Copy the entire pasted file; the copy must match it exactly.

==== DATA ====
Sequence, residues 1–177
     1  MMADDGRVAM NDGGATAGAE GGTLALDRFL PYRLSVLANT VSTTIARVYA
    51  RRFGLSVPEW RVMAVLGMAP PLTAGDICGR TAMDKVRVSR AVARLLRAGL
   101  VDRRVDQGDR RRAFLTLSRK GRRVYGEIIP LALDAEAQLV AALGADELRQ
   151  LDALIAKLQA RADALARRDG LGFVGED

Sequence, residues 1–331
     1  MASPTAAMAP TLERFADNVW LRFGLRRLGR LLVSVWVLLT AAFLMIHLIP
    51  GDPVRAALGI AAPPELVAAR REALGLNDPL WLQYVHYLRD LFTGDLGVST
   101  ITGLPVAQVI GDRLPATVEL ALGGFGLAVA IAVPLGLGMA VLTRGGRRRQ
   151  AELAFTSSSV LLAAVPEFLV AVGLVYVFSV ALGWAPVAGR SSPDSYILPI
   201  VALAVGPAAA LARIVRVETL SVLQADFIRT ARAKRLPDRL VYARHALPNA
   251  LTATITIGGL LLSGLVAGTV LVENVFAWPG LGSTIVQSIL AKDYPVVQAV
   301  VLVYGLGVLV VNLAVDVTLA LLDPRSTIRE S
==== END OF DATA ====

Sequence, residues 1–177
     1  MMADDGRVAM NDGGATAGAE GGTLALDRFL PYRLSVLANT VSTTIARVYA
    51  RRFGLSVPEW RVMAVLGMAP PLTAGDICGR TAMDKVRVSR AVARLLRAGL
   101  VDRRVDQGDR RRAFLTLSRK GRRVYGEIIP LALDAEAQLV AALGADELRQ
   151  LDALIAKLQA RADALARRDG LGFVGED

Sequence, residues 1–331
     1  MASPTAAMAP TLERFADNVW LRFGLRRLGR LLVSVWVLLT AAFLMIHLIP
    51  GDPVRAALGI AAPPELVAAR REALGLNDPL WLQYVHYLRD LFTGDLGVST
   101  ITGLPVAQVI GDRLPATVEL ALGGFGLAVA IAVPLGLGMA VLTRGGRRRQ
   151  AELAFTSSSV LLAAVPEFLV AVGLVYVFSV ALGWAPVAGR SSPDSYILPI
   201  VALAVGPAAA LARIVRVETL SVLQADFIRT ARAKRLPDRL VYARHALPNA
   251  LTATITIGGL LLSGLVAGTV LVENVFAWPG LGSTIVQSIL AKDYPVVQAV
   301  VLVYGLGVLV VNLAVDVTLA LLDPRSTIRE S